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Hard Not to Get Involved

Heroes Remember

Hard Not to Get Involved

Interviewer: What would be the hardest thing to deal with in Croatia? I think that the crying mothers or wives even the children who were old enough to know that something bad had happened to their father, brother. You know there was a lot of atrocities committed by all sides and you would see that. You would see how, if they figured that these people would eventually fight against them, how they would take care of that situation and you would be a witness later, after the fact to that situation. Or not being able to do anything about it, to, to hear it happening. To call it in and to be told that if you are not being fired on you will not return fire. But to know that those people were being fired on and you couldn't really do anything about it until after when they said okay you know if everything's clear you can move in and record the evidence of what happened and send it up hot through the chain of command and higher to go wherever it went so... I mean it might have been easy for someone in New York to say that, but it wasn't them who was going in and looking and seeing what they did, either you know trying to destroy the, the evidence of death by burning the bodies trying to burn them to a crisp well that doesn't always happen there's some left behind let me tell you. And you know the other things that would go on there, you know in the way of what people were doing to each other was hard to take. Especially I think a lot of times the children crying for food, and the mothers crying, wives crying because they had lost their loved one. There's a lot of I think single female parents in that country I don't know what the statistics would be, but I'm sure back between 92' and up until the war had subsided or ended in Croatia there was a lot of single parents with children who were you know fatherless. So that was hard to, that was hard to do.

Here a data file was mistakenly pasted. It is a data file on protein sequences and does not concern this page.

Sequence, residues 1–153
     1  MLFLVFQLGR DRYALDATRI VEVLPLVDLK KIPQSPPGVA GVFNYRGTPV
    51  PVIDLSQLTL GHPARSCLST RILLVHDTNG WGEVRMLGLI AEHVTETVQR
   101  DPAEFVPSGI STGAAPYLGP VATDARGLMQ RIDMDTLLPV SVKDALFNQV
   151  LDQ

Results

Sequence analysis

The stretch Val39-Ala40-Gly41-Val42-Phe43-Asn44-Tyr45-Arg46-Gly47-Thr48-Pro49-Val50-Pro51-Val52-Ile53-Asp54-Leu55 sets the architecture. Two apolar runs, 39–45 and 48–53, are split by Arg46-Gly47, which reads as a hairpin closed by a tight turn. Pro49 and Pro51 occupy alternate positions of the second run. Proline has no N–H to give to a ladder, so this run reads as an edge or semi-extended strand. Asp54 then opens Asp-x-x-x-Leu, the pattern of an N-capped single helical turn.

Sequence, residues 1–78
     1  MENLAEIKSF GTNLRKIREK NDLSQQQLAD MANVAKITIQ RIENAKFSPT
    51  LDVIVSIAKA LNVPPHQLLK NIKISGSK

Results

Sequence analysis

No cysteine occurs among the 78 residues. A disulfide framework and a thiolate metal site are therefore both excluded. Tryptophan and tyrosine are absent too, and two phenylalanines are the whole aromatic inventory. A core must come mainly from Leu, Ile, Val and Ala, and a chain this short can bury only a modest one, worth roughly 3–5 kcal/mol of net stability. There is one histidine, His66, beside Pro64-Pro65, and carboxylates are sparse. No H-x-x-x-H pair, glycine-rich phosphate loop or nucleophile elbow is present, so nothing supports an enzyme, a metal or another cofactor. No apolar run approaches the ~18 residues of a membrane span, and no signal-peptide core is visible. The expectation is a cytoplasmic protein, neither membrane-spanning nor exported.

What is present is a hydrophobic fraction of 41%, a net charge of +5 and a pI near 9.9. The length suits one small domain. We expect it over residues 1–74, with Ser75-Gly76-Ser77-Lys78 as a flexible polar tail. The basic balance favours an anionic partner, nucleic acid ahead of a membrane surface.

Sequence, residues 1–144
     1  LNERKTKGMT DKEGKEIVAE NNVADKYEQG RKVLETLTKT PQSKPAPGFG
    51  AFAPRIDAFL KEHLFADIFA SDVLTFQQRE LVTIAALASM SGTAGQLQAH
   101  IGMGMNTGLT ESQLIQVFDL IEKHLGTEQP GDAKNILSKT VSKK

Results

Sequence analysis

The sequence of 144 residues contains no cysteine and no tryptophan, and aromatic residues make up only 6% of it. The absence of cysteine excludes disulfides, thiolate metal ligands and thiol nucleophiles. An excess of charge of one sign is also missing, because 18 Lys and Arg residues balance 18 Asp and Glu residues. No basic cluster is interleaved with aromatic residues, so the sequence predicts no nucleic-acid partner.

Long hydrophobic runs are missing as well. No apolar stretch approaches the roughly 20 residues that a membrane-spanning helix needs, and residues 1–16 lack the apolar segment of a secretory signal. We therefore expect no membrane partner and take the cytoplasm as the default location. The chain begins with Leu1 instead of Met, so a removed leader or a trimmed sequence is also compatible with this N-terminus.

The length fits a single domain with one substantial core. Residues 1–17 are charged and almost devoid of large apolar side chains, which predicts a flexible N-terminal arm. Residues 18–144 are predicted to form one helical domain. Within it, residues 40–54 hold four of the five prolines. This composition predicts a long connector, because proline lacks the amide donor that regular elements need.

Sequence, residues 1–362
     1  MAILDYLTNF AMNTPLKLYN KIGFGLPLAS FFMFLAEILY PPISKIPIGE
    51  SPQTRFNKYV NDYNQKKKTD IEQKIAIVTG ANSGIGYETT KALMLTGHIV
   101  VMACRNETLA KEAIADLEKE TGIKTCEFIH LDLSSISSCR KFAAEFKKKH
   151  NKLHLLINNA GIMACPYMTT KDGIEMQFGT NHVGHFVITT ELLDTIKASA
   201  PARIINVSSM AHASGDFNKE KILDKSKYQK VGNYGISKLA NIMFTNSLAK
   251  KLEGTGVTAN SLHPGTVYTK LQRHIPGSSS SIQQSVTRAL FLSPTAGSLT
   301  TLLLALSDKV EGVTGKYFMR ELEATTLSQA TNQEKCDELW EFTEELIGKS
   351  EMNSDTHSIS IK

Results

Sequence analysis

Mr. Neepin explains the difficulty he felt in being ordered to observe conflicts or persecution of civilians, and document the aftermath, but not get involved unless directly fired upon.

Darcy Jeremy Neepin

Mr Neepin was born in Portage La Prairie, Manitoba, and moved to Winnipeg with his family while still young. An uncle who served with the 1st Battalion of the Princess Patricia's Canadian Light Infantry (PPCLI) told him many stories as he grew up. From these stories he gained knowledge of what military life as an infantryman was like and before he turned 12 years old he was sure he wanted to serve. At the age of 18 Mr. Neepin joined the Cameron Highlanders Reserves. Being of Cree descent, he was the only Aboriginal Canadian in his recruiting class of 30. In 1990 Mr. Neepin answered the call for volunteers to join the 1st Battalion PPCLI for a peacekeeping tour in Cyprus. Having his first overseas experience under his belt, he returned home in the summer of 1991. Mr Neepin continued to volunteer for overseas peacekeeping missions, serving with the PPCLI for the 1992/93 tour in Croatia and in 1997 & 2000 in Bosnia.

Meta Data
Veterans Affairs Canada
Person Interviewed:
Darcy Jeremy Neepin
War, Conflict or Mission:
Canadian Armed Forces
3rd Battalion Princess Patricia’s Canadian Light Infantry

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